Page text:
So in the end the exact-same aim is achieved, but the poor get the money instead of me. "City property," harrumph the boneheads in the bowels of Toronto City Hall. So what becomes of that property? It simply gets recycled somewhere else.

Why is there a refund policy in the first place? Let the Ontario government explain:

Q2. What kind of impact is the deposit-return program going to make to the environment?

Returning your wine, beer and spirit containers will mean less waste will go to landfills and municipalities will have lower recycling costs. This represents a win for the environment, for municipalities and for Ontarians. The program will help divert about 25,000 to 30,000 additional tons of glass from landfills — the equivalent of about 80 million bottles. It will also free up space in Blue Boxes, giving municipal governments the opportunity to expand recycling programs.

Q3. When does the Ontario Deposit Return program come into effect?

The LCBO and wineries will begin applying a refundable deposit amount to most beverage alcohol containers starting February 5, 2007. Only containers purchased in Ontario on or after this date are eligible for a refund. The deposits apply to glass, plastic, Tetra Pak, cans and Bag-in-Box containers.


Q10. Why do we have this new system — isn’t the Blue Box working?

The Blue Box has been very successful, providing Ontario residents with an effective way to recycle a wide range of materials. However, the new program is an opportunity for an even better recycling result for LCBO and winery containers. By returning bottles to The Beer Store you will be freeing up space in the Blue Box and giving municipalities the opportunity to expand their recycling programs. Currently about 68 per cent of these containers are diverted from landfill via the Blue Box. By the new deposit return program’s fifth year in operation, the government expects that 25 to 30,000 additional tonnes — the equivalent of about 80 million bottles — will not end up in landfill.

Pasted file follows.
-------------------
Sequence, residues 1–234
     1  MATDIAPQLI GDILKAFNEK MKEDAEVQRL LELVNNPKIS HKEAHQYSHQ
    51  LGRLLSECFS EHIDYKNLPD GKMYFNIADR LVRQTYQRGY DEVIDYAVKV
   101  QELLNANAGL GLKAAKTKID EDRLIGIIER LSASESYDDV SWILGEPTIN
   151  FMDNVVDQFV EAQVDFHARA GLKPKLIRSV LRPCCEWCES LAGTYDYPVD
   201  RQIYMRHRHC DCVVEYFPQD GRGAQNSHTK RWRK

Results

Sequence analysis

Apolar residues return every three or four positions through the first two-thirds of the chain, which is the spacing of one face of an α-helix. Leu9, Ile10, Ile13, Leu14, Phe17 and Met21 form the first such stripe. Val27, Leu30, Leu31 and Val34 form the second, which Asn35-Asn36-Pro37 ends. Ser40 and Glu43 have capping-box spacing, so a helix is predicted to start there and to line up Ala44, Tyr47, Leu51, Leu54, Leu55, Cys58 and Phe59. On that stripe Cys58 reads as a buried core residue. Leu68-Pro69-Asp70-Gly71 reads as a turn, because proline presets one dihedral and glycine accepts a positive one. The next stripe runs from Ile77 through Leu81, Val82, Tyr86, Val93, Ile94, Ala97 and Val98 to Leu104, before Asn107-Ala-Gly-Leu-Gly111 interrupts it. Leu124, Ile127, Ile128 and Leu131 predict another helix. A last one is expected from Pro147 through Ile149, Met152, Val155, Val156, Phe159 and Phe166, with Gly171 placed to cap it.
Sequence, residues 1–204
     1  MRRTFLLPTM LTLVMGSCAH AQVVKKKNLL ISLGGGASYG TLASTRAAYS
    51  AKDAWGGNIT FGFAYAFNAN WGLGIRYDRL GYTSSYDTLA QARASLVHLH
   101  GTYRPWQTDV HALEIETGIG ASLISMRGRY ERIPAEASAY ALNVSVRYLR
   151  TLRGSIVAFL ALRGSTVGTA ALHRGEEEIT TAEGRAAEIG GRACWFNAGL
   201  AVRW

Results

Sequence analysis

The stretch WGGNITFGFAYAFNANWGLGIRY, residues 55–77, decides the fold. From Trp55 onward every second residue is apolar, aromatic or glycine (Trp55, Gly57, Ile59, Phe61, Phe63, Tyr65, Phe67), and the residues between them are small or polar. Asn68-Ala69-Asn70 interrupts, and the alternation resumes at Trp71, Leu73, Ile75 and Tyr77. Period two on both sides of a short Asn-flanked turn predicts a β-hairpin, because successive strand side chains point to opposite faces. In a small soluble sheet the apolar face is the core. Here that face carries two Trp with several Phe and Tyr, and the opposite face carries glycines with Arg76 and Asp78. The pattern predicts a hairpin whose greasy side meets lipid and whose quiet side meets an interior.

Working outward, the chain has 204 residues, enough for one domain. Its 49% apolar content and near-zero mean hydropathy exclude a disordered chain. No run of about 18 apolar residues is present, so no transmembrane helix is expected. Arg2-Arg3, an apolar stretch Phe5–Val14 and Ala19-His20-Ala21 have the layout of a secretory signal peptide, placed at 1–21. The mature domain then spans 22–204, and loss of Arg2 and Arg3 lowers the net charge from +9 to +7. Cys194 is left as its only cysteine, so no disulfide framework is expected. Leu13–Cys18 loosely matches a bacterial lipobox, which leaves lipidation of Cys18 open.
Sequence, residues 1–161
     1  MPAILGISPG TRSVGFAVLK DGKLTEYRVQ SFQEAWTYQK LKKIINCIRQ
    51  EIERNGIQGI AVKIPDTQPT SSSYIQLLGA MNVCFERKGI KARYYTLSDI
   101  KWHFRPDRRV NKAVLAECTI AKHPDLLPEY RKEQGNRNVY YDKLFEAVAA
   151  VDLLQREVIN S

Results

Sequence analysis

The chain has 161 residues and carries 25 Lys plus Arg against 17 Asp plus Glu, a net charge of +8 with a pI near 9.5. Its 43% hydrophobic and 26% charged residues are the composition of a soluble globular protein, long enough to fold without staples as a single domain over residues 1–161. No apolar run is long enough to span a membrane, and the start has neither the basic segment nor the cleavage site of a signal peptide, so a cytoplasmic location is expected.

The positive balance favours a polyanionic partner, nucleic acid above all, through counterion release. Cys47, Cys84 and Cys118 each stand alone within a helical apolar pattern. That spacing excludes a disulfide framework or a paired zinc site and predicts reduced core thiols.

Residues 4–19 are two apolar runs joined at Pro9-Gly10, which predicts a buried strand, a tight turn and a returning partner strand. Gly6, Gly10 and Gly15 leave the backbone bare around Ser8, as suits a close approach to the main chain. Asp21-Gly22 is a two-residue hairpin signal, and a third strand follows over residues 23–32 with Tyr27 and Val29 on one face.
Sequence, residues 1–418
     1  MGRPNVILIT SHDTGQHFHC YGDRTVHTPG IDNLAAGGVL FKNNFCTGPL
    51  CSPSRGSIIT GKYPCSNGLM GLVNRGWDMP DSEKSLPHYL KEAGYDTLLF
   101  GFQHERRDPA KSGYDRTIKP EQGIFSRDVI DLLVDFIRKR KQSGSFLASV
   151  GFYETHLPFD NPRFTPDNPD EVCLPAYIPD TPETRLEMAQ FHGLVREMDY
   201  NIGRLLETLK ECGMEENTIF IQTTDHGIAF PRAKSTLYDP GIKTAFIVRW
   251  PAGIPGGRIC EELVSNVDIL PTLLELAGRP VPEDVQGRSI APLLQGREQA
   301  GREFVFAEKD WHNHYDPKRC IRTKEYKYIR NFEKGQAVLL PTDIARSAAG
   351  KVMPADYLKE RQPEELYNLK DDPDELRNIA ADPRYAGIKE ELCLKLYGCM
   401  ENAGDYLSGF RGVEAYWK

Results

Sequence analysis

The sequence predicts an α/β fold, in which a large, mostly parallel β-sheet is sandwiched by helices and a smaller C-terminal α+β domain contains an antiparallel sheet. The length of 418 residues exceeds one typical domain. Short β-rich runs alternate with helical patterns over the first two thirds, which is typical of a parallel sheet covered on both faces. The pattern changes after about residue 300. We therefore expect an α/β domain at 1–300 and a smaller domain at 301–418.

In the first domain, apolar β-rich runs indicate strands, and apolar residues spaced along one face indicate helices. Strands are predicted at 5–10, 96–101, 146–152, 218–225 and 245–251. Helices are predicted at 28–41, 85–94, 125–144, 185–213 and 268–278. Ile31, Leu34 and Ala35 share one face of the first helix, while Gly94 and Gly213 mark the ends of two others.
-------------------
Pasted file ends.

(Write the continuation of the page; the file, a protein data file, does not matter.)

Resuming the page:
So there you have it. The poor are helping to make the system work. And the good burghers of Toronto, morally outraged at the notion that poor folks should get something for nothing, are penalizing them for it. What a splendid example of the triumph of ideology, not only over common sense, but over the avowed aims of the government-approved recycling movement.

Last word to the Globe and Mail:

Those are the same poor people the city spends millions on each year, trying to shelter and feed them. And at nearly $30 an hour for a bylaw enforcement officer's time, how much will this harassment of the poor cost taxpayers?

Forbes magazine has just labelled the city the 10th most economically powerful in the world, with a gross domestic product in the Greater Toronto Area of $209-billion. Surely in all those billions there's room to allow bottle-scavengers some dignity and their 10 cents.